Tracking the Explosive World of Generative AI

Leading AI Language Models Fall Short of Upcoming EU Regulations, Stanford Study Warns

The world's leading AI language models could fail to meet the EU's new AI Act, facing significant regulatory risks and potential heavy fines. In particular, open-source models could face downstream regulatory risk from their deployment.

The EU's AI Act could create difficulties for generative AI models and compliance, a Stanford study warns. Photo illustration: Pixabay / Artisana

🧠 Stay Ahead of the Curve

  • The top ten AI language models may not meet the upcoming EU AI Act's stringent requirements, a Stanford study reveals.

  • The AI Act, the first comprehensive AI regulations, could result in heavy fines for non-compliant AIs, impacting global AI practices.

  • Open-source and closed-source models would face different compliance challenges under the AI Act, highlighting the catchup AI will have to play in the face of regulations.

By Michael Zhang

June 22, 2023

Sounding a note of caution, a team of Stanford researchers warned that the world's leading ten AI language models are poised to fail the stringent standards laid out by the European Union's forthcoming AI Act. Should they not meet the regulations, these AI entities could face significant regulatory risks and potentially heavy financial penalties.

The EU’s AI Act, approved in a parliamentary vote on June 14th, is currently on the pathway to becoming official law. As the world’s first comprehensive set of AI regulations, it stands to impact over 450 million individuals, while also serving as an example that nations such as the US and Canada are likely to draw inspiration from in crafting their own AI regulations.

Implications for Foundation Models

Despite recent clarifications that exempt foundation models like GPT-4 from the "high-risk" AI category, generative AI models are still subject to an array of requirements under the AI Act. These include mandatory registration with relevant authorities and essential transparency disclosures, areas where many models fall short.

The price of non-compliance is hefty: fines could exceed €20,000,000 or amount to 4% of a company's worldwide revenue. Furthermore, open-source generative AI models are required to meet the same standards as their closed-source counterparts, raising questions within the open-source community of legal risk and exposure.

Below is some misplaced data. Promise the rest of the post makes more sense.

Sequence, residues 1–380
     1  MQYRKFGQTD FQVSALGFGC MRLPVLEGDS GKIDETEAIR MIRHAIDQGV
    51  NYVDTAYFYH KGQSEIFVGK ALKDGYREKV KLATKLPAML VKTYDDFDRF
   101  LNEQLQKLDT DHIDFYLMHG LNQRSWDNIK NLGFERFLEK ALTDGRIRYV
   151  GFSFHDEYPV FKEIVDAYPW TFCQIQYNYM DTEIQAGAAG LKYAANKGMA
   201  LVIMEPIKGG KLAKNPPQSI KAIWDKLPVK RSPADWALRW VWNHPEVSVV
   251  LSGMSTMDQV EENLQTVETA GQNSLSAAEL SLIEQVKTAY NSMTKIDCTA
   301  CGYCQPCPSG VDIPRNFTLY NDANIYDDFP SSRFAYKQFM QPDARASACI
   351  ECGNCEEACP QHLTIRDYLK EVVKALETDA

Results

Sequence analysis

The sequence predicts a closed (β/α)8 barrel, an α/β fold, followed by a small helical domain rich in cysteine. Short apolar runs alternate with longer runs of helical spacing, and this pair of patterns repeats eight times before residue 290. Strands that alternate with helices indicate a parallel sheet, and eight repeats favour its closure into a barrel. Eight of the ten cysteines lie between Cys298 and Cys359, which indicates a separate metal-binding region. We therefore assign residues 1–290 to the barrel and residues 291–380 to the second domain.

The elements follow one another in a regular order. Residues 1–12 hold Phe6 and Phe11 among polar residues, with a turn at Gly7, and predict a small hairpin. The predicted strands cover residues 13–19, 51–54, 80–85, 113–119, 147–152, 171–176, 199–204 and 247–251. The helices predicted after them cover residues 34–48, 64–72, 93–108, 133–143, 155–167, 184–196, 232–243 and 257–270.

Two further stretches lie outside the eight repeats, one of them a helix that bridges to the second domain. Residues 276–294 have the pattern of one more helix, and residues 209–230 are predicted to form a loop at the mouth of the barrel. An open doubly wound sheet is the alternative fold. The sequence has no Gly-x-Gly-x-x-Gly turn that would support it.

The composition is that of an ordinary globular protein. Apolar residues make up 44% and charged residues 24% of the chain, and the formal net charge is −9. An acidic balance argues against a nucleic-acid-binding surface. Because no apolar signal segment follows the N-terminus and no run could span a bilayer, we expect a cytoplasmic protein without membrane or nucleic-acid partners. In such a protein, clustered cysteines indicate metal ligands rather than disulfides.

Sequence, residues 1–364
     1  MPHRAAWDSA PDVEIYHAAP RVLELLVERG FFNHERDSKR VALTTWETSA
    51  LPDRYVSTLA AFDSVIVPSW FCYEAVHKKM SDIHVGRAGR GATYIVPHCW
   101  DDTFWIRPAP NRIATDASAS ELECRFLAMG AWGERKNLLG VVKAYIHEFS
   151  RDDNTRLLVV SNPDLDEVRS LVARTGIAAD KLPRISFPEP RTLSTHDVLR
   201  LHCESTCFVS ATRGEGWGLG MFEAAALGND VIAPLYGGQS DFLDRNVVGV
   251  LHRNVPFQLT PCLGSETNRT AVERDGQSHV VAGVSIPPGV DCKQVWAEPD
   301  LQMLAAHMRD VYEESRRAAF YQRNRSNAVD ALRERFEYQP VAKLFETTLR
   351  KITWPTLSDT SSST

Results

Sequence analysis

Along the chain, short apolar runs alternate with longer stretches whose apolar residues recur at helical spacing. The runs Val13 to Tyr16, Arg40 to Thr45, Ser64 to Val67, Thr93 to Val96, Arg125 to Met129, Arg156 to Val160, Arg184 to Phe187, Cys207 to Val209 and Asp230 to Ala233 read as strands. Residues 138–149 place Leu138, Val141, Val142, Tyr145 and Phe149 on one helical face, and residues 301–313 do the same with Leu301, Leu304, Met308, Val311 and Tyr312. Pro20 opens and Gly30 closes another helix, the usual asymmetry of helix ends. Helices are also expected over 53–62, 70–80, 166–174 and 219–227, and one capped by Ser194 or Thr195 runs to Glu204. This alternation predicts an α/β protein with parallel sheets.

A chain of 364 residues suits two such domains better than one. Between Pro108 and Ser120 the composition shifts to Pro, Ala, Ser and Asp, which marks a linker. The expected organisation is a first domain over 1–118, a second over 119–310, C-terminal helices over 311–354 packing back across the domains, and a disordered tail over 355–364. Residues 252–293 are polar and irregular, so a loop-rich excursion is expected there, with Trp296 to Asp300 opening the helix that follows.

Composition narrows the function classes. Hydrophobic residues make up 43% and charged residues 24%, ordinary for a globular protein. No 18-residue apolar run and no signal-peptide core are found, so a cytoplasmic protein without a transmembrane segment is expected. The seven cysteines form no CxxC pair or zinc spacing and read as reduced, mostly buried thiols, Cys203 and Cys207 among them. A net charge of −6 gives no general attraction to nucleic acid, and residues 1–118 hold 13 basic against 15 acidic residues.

The Non-compliant Landscape

In the study, researchers evaluated ten leading AI models against the draft AI Act's 12 fundamental compliance requirements. Alarmingly, most models scored less than 50% in overall compliance.

Model compliance against 12 key requirements in the EU's AI Act. Credit: Stanford

Notably, closed-source models like OpenAI's GPT-4 only garnered 25 out of a possible 48 points. Google's PaLM 2 fared slightly better with a score of 27, while Cohere’s Command LLM managed just 23. Anthropic’s Claude languished near the bottom with a meager 7 points.

On the other hand, open-source model Hugging Face’s BLOOM performed the best, securing 36 points. However, other open-source models, such as Meta’s LLaMA and Stable Diffusion v2, merely achieved 21 and 22 points respectively.

Noteworthy Patterns and Observations

A notable trend emerged from the aggregate results: open-source models generally outperformed closed-source models in several critical areas, including data sources transparency and resource utilization. Conversely, closed-source models excelled in areas such as comprehensive documentation and risk mitigation.

However, the study points out significant areas of uncertainty. One such area is the murky "dimensions of performance" for complying with the numerous requirements set forth in the AI Act. Moreover, the question of enforcement remains unresolved, and the researchers warn that a lack of technical expertise could hinder the EU’s ability to regulate these foundation models effectively.

The Way Forward

Despite these concerns, the researchers advocate for the implementation of the EU's AI Act. They argue it would "act as a catalyst for AI creators to collectively establish industry standards that enhance transparency" and bring about "significant positive change in the foundation model ecosystem."

Read More: ChatGPT